New questions about the way the Archdiocese of St. Paul and Minneapolis handled allegations of clergy sexual misconduct are posing some financial concerns, including the potential for new legal expenses and a falloff in donations.
Minnesota Public Radio News reported some who track weekly church collections are worried media reports of how church leaders handled warnings about at least two priests could cause parishioners to give less.
Before these recent allegations came to light, the archdiocese was already concerned that a new law easing the statute of limitations for victims of childhood sexual abuse would open the church up to more lawsuits – and legal expenses.
The archdiocese’s finances have been under heightened scrutiny in recent years, mostly due to the nearly $1 million it spent between 2010 and 2012 on a failed campaign to ban same-sex marriage in Minnesota.
Church leaders typically issue a financial summary once a year but critics say it’s based on summaries, not complete data. The archdiocese’s summarized statement says it had $43 million in assets as of 2012.
“If I put my $10 in the basket, I don’t know what in the world is going to happen to it,” said Jack Ruhl, an accounting professor at Western Michigan University, who studies church finances. Ruhl called on Archbishop John Nienstedt to release a full set of audited documents rather than summaries.
Parishes are required to send the archdiocese 8 percent of collections, as well as money for employee health care costs and other debt. Church officials recently told priests 40 of the 188 parishes owe the chancery $21 million, the Rev. Michael Tegeder said. The Minneapolis-based priest believes parishioners are losing faith in Nienstedt and other leaders, and it could harm the parish’s bottom lines.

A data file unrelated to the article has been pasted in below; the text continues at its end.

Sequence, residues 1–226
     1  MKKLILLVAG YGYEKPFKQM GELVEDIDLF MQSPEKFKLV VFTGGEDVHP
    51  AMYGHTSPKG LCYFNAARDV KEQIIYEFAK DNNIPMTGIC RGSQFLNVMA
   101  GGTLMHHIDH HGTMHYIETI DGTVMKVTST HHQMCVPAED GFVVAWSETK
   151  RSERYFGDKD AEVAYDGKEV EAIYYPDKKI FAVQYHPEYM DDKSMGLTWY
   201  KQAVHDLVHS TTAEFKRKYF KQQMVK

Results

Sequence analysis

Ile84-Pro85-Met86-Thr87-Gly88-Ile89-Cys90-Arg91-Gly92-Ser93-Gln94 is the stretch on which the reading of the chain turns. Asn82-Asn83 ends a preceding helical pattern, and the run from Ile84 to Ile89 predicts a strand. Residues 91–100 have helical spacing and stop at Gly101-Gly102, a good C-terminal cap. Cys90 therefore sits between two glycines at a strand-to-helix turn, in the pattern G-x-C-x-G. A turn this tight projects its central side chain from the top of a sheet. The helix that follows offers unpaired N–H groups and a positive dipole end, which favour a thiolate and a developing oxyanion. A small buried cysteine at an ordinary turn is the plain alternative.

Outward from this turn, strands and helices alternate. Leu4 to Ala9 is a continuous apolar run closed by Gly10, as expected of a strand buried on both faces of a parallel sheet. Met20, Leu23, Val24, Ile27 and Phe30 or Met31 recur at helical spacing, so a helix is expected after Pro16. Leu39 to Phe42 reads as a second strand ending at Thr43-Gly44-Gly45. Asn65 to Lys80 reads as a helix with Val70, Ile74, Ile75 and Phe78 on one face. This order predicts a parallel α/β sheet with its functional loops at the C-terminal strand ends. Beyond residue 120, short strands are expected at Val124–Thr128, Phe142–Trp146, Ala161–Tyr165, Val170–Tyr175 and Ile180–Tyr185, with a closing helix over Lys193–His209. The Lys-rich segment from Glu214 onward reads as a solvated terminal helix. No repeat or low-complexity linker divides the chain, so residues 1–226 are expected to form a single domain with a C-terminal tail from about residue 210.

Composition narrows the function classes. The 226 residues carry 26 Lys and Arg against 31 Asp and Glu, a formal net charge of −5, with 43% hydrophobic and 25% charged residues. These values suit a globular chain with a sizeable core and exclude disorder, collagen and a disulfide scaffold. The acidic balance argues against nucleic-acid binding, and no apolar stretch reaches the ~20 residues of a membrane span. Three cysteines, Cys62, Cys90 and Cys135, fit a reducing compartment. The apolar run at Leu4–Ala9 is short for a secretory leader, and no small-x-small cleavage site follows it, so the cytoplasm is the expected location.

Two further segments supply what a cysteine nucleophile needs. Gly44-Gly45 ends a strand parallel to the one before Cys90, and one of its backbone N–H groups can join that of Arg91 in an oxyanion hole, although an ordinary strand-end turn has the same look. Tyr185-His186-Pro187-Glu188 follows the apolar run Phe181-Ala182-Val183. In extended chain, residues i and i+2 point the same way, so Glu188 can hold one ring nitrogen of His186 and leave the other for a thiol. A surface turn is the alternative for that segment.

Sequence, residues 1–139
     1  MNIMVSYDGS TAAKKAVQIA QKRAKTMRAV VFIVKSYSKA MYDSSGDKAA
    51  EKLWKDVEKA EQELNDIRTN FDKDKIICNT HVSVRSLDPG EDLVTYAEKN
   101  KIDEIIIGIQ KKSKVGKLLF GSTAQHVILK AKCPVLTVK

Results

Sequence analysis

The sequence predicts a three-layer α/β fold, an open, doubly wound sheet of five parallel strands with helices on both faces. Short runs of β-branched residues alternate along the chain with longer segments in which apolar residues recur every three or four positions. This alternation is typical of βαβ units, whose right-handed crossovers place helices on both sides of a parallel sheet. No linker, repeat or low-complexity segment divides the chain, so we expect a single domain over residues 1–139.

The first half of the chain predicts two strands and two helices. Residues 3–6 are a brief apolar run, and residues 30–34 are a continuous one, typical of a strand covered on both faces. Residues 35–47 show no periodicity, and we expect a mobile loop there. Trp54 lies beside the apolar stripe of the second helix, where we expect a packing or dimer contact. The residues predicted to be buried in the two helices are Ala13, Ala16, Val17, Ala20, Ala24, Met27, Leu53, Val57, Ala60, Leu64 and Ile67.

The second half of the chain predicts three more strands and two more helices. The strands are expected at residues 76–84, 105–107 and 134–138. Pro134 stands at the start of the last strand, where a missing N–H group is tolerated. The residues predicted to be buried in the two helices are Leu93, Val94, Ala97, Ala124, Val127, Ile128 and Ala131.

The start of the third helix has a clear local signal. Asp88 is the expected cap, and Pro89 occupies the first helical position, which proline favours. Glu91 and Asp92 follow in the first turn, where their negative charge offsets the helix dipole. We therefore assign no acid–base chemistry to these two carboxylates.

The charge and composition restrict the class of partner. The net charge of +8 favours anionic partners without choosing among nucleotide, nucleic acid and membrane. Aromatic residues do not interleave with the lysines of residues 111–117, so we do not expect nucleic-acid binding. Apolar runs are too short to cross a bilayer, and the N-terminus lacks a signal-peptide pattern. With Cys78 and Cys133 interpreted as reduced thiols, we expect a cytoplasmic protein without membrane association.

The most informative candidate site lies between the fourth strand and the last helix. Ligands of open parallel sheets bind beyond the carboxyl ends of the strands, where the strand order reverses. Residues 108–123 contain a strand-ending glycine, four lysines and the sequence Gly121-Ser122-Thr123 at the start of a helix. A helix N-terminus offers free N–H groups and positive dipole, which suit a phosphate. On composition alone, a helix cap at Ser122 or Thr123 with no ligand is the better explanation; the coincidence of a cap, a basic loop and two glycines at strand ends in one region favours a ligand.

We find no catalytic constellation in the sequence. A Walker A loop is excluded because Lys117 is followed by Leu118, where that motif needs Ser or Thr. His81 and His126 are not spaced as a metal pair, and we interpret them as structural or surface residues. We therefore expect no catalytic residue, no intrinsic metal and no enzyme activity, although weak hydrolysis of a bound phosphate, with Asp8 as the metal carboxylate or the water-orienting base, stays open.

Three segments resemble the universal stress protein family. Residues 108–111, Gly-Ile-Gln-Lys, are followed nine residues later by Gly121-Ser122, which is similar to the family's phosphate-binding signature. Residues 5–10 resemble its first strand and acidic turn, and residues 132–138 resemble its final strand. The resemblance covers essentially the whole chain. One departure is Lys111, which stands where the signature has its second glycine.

“I talked to a lot of people who say I don’t want to give any money to the archdiocese,” said Tegeder, who last fall called on Nienstedt to consider resigning over the failed gay marriage ban. “They’ll say, ‘We’ll give it to Catholic Charities or some other organization.’ That’s nice but we have to pay our staff too.”
A recent decision to suspend a possible $160 million, four-year capital campaign is a new sign of financial stress. Tegeder said it was scheduled to start next summer.
Meanwhile, former church employee Jennifer Haselberger said church leaders from across Minnesota met privately with bankruptcy attorneys earlier this year.
Temple University law professor Jonathan Lipson, who has studied the bankruptcy filings of nine dioceses nationwide, said it’s becoming more acceptable for a diocese to go into bankruptcy if they face lawsuits around clergy misconduct. Bankruptcy allows a diocese to settle with creditors.
Also this week, a pastor in North St. Paul said it’s time for a “fresh start,” and he questioned whether Nienstedt should continue in his post. The Star Tribune reported that the Rev. Bill Deziel used his Sunday bulletin at the Church of St. Peter to address the way leaders handled allegations of misconduct. He said he shares his parishioners’ frustration and called for a “do-over” of archdiocesan leadership.
An archdiocese spokesman says Nienstedt plans to address the issue Thursday in Catholic Spirit, the archdiocese’s newspaper.
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